Someone at HTC definitely understands the direction phones are heading, as the Desire has web service integration right at the forefront. When you turn it on, the usual Android welcome is augmented with the ability to also enter your Twitter, Facebook and Flickr accounts (a perfect choice for me, these are the three social networks I actively use). Once it’s done this, it will synchronise and automatically link your contacts between all of these services (though it isn’t too brave and will often leave something unlinked and suggest the link to you, rather than assuming it). I expected to hate HTC’s contacts application, but I would say now that it’s actually one of the better features of the phone. I much prefer it to the stock Android contacts application.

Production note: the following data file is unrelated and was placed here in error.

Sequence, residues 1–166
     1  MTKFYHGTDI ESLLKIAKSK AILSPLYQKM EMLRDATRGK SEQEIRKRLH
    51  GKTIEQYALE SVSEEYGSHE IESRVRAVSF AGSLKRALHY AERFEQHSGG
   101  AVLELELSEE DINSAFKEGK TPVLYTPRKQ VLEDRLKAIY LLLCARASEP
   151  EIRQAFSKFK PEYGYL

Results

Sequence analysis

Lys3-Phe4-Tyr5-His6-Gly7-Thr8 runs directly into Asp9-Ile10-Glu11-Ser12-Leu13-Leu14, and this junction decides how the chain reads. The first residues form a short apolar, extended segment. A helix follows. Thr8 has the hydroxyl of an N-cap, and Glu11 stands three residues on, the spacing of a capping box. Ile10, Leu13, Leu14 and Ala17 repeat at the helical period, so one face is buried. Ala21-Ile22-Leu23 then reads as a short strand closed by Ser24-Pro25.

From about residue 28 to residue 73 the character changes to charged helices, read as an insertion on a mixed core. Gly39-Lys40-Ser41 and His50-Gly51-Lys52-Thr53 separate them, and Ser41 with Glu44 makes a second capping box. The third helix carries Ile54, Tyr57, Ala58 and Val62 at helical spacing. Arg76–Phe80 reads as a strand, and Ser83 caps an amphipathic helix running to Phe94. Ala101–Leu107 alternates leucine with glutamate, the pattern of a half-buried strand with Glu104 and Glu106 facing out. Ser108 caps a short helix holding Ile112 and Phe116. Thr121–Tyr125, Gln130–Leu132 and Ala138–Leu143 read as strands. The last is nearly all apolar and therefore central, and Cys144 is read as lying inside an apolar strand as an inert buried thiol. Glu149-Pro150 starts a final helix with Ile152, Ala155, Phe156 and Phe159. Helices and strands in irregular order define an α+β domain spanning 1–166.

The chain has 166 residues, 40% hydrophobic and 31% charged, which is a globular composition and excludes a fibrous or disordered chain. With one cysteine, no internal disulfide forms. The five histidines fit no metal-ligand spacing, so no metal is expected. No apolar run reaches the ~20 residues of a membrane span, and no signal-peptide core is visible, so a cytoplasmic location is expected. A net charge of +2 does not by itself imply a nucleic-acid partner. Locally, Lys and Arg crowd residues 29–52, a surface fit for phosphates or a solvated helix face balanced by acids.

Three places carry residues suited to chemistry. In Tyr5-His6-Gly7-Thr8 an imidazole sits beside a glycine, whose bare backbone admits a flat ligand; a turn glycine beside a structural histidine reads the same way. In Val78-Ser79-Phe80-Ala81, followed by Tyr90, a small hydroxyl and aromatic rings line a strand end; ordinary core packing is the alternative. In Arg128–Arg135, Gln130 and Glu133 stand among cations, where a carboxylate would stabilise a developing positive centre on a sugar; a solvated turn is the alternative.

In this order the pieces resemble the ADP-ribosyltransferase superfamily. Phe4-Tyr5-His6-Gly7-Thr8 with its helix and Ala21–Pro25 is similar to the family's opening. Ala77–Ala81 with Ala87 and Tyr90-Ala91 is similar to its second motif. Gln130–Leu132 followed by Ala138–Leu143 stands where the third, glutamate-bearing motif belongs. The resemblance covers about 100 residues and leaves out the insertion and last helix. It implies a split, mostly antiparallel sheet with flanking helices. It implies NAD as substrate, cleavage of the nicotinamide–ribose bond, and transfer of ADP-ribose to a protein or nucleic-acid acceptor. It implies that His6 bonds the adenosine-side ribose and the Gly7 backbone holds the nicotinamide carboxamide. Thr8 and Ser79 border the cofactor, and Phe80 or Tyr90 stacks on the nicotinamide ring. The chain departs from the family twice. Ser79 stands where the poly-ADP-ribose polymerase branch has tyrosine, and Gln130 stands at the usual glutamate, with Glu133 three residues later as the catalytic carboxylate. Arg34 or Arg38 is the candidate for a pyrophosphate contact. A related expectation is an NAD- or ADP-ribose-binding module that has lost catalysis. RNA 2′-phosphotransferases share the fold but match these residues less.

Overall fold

Other stand-out features include the HTC widget selection, the FriendFeed application and the music-playing application. The home-screen on a stock android phone felt rather lame by default. Your selection of widgets isn’t particularly numerous, and what you do have often doesn’t fit that well together. With my HTC Magic (not running the HTC Sense UI), it almost felt like a DIY home-screen because they couldn’t be bothered to provide you with one. The iPhone’s home-screen was much better in my opinion. Less flexible perhaps, but I don’t really want to spend ages setting up what inevitably ends up being just shortcuts to all my apps (because a scrolling list is much slower to navigate than a pager). HTC have totally changed my mind on this though. The Desire comes with a selection of really fantastic widgets that finally fulfil the promise of what a configurable and pluggable home-screen should be. Yes, there are a lot of clocks, but it comes with excellent twitter, FriendFeed, weather, news, music, mailing, texting and calling widgets, none (well, except for the mediocre news/weather widget) of which come with stock android. These widgets are so featureful that I can see myself running full applications a lot less (a good thing). Couple the excellent widget selection with the ability to save home-screen layouts, and you have what Google really should be copying in their next revision.